1907 Indiana Eugenics Law

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1907 Indiana Eugenics Law  (1907) 
Indiana General Assembly
In 1907, influenced by the eugenics movement, Indiana became the first state in the United States to adopt a law authorizing the sterilization of institutionalized persons thought to be unfit to reproduce. Governor J. Frank Hanly signed the law,[1] but Hanly's successor, Governor Thomas R. Marshall, blocked its use.[2] In 1921, the Indiana Supreme Court found the law unconstitutional.[3]
CHAPTER 215.

AN ACT entitled an act to prevent procreation of confirmed criminals, idiots, imbeciles and rapists; providing that superintendents and boards of managers of institutions where such persons are confined shall have the authority and are empowered to appoint a committee of experts, consisting of two (2) physicians, to examine into the mental condition of such inmates.

[H. 364. Approved March 9, 1907.]

Preamble.
Whereas, Heredity plays a most important part in the trans-
mission of crime, idiocy and imbecility;

Penal Institutions—Surgical Operations.
Therefore, Be it enacted by the general assembly of the State of Indiana, That on and after the passage of this act it shall be compulsory for each and every institution in the state, entrusted with the care of confirmed criminals, idiots, rapists and imbeciles, to appoint upon its staff, in addition to the regular institutional physician, two (2) skilled surgeons of recognized ability, whose duty it shall be, in conjunction with the chief physician of the institution, to examine the mental and physical condition of such inmates as are recommended by the institutional physician and board of managers. If, in the judgment of this committee of experts and the board of managers, procreation is inadvisable and there is no probability of improvement of the mental condition of the inmate, it shall be lawful for the surgeons to perform such operation for the prevention of procreation as shall be decided safest and most effective. But this operation shall not be performed except in cases that have been pronounced unimprovable: Provided, That in no case shall the consultation fee be more than three ($3.00) dollars to each expert, to be paid out of the funds appropriated for the maintenance of such institution.[4]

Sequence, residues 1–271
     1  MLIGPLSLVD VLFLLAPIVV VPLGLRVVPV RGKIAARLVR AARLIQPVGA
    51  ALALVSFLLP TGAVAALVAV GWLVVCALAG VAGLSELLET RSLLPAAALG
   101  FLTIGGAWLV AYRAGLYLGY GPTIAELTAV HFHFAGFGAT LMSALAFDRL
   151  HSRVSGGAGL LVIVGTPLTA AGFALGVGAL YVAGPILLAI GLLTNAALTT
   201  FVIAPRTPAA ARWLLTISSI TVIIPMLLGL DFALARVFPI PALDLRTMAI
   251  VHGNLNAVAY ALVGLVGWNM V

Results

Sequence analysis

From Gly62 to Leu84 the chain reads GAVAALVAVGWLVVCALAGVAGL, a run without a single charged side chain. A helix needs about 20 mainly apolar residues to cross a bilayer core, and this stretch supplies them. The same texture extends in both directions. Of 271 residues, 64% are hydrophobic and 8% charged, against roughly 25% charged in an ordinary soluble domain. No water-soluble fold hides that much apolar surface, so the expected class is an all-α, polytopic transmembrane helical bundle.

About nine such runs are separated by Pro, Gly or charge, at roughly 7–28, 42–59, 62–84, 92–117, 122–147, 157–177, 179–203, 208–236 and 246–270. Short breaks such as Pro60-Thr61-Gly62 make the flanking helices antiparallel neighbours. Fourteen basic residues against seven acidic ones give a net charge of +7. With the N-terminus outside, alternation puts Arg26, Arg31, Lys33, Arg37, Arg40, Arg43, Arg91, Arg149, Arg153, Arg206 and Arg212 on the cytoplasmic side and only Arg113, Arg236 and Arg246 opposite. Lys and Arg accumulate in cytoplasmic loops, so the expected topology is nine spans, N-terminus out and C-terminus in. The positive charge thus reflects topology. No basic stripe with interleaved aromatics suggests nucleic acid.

Notes[edit]

  1. Cindy Aisen Fox, Hoosier state led with involuntary sterilization laws, Indiana University Home Pages, March 9, 2007
  2. Julius Paul, "Three Generations of Imbeciles Are Enough": State Eugenic Sterilization Laws in American Thought and Practice, unpublished manuscript. Washington, D.C.: Walter Reed Army Institute of Research, 1965, p. 343. Full text at [1]
  3. Williams v. Smith, 131 NE 2 (Ind.), 1921.
  4. Acts 1907, Laws of the State of Indiana, Passed at the Sixty-Fifth Regular Session of the General Assembly, Indianapolis: William B. Burford, Publisher (1907) pp. 377-378. Facsimile at [2].
This work is in the public domain in the United States because it was published before January 1, 1923. It may be copyrighted outside the U.S. (see Help:Public domain).